So, last semester I dabbled with streaming a bit with my friend Luke, aka BlueWales73. We had a ton of fun doing it, and while we didn’t really have more than one or two viewers in our few test streams, we felt like it’s something we want to keep doing.
While we’re not doing it trying to get a ton of viewers or anything we still think that it’s good to set an actual streaming schedule so that at least we are consistent. Who knows, maybe people will watch in the future.
As of right now the plan is to stream Tuesdays and Saturdays, 8-10 MST. You can find those on my twitch channel, or if you follow me on twitter I always tweet a link whenever we start streaming.
I will also likely stream at random times as well, but those aren’t going to be on a schedule or anything, since some weeks will be busier than others.
Just before the holidays I completed my penultimate semester of college, in which one of my classes was on Software Business, in particular about starting one. One of the most important things we talked about in the class was customer validation before you begin making the product. Before you write the software you find out what it is that the customers wanted. In the course of the class we formed groups that acted as start-ups and we did surveys to find out if people would actually buy the software we were going to make. (Most of the groups were just in it for the grade, though a few were planning on taking their business ideas beyond the scope of the class, for which I applaud them. I was certainly not one of them.)
The point of the exercise was that before you put a lot of effort into making a piece of software you should figure out if people will buy it, and what they’ll be willing to buy it for. As Steve Blank said “No business plan survives first contact with the customer.” So, better to have that contact before you invest time and money into that business plan.
This also applies to the game industry. When you are making a game you want to make sure the game is fun to play, that the mechanics work and that your players understand your story. As you make the game, though, you get blinded by your own bias and you become unable to see the flaws, the things that might be unclear, or the things that might not be so fun. In order to make sure you have the best game possible you want to get outside input. Just like in the software industry many companies will do an alpha or a beta release.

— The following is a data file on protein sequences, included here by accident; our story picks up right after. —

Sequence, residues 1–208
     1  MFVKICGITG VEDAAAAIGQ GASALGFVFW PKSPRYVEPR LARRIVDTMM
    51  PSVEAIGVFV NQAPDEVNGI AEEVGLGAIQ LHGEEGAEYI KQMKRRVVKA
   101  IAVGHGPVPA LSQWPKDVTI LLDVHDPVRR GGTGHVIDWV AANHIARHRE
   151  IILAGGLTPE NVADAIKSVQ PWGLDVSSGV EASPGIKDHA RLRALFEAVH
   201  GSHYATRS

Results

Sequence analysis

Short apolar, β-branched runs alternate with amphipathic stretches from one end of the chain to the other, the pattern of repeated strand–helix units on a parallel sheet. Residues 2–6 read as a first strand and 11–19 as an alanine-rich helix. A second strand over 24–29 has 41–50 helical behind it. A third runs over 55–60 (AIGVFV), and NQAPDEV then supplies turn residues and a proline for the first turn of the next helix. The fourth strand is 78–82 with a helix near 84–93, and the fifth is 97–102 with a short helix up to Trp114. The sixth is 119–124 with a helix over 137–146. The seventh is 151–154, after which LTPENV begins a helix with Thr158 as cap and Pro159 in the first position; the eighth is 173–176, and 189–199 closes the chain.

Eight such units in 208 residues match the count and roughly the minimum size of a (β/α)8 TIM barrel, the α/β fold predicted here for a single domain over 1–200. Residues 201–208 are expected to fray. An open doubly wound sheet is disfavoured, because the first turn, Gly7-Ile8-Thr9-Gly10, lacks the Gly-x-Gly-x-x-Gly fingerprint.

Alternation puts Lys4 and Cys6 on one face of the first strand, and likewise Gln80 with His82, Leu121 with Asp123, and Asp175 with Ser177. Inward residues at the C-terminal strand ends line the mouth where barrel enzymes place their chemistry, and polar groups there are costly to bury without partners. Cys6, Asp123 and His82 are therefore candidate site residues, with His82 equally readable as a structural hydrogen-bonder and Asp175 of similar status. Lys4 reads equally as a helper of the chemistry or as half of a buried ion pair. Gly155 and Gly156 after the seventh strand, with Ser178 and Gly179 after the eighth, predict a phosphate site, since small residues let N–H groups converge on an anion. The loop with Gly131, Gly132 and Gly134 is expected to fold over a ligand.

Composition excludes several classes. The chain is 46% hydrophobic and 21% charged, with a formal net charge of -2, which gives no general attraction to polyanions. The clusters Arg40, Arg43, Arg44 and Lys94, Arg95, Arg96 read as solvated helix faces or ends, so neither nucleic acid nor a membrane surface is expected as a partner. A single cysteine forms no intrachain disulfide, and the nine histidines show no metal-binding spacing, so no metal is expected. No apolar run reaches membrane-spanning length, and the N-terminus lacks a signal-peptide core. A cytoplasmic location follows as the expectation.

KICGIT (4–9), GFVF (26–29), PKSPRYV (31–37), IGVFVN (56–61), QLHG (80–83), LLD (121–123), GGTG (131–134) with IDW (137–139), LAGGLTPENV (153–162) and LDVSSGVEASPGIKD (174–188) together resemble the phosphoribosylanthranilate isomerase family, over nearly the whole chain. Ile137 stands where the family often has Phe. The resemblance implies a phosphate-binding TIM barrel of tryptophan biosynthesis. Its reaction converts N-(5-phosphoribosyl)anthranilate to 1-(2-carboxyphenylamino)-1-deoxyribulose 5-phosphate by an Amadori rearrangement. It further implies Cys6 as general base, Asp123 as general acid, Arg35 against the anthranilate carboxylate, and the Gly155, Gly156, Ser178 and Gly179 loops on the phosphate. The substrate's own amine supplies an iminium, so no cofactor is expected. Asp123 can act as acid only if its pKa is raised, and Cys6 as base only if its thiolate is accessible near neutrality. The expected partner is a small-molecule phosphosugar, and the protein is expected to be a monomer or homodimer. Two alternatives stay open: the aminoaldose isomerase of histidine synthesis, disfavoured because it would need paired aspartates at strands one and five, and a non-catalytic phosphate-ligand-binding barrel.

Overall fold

In comes “early access”. In the past year we’ve seen more and more games starting to get released under the early access system, either on Steam or through their own sites. The idea behind these games being released in this way is that developers can get player feedback so that the game can be even better.
From the Steam website:
We like to think of games and game development as services that grow and evolve with the involvement of customers and the community. There have been a number of prominent titles that have embraced this model of development recently and found a lot of value in the process. We like to support and encourage developers who want to ship early, involve customers, and build lasting relationships that help everyone make better games.
This is the way games should be made.
There is merit to this, and there are success stories that show that early access to a game can help the game develop into something great. Minecraft, for example, exploded in popularity during it’s alpha and beta releases, giving the developer Mojang access to mountains of player feedback. It’s a game that continues to evolve even today, each new release adding more to the game.
Unlike a pre-purchase of the game you get access to it immediately, and from the get go you can play the game in it’s current form. However, both pre-purchase and early access come with one inherent problem:
You are buying a game that is not finished yet.
When you pre-purchase a game you are paying for something before it has come out. You have no idea, and no way of knowing, if it is any good. With early access you are paying for a game that is in progress, but you also have an opportunity to be a part of the game’s development, which is a unique opportunity. However, you have to keep in mind, the game isn’t done yet.
There will be problems, there will be crashes, there will be changes, there will be bugs. As long as you understand the risks associated with purchasing an early access game then there isn’t a problem. Getting early access to a game is a great opportunity, however, early access in itself as a business model is doing damage to the gaming industry.
Not everyone understands that the game isn’t finished yet. When the game is released to the public in an unfinished state it effects the way that people view the game. When the crashes and the bugs happen those become what are focused on, and it does damage to the game and to it’s development cycle. People who were at first excited about the game coming out start to lose interest, and the game can die before it’s even finished.
If you want to be a part of the process, if you are interested in seeing the game in it’s early stages, if you are willing to put up with the problems and the crashes and the bugs than by all means, by that game in early access. I myself have played a number of these early access games. The important thing to keep in mind is this:
The game isn’t finished yet.
You can’t judge an alpha or beta game based on it’s current state. The game isn’t done yet, so don’t judge it based on what it is, but on what it can become.
a blog about technology, gaming, life and whatever written by Ike Ellsworth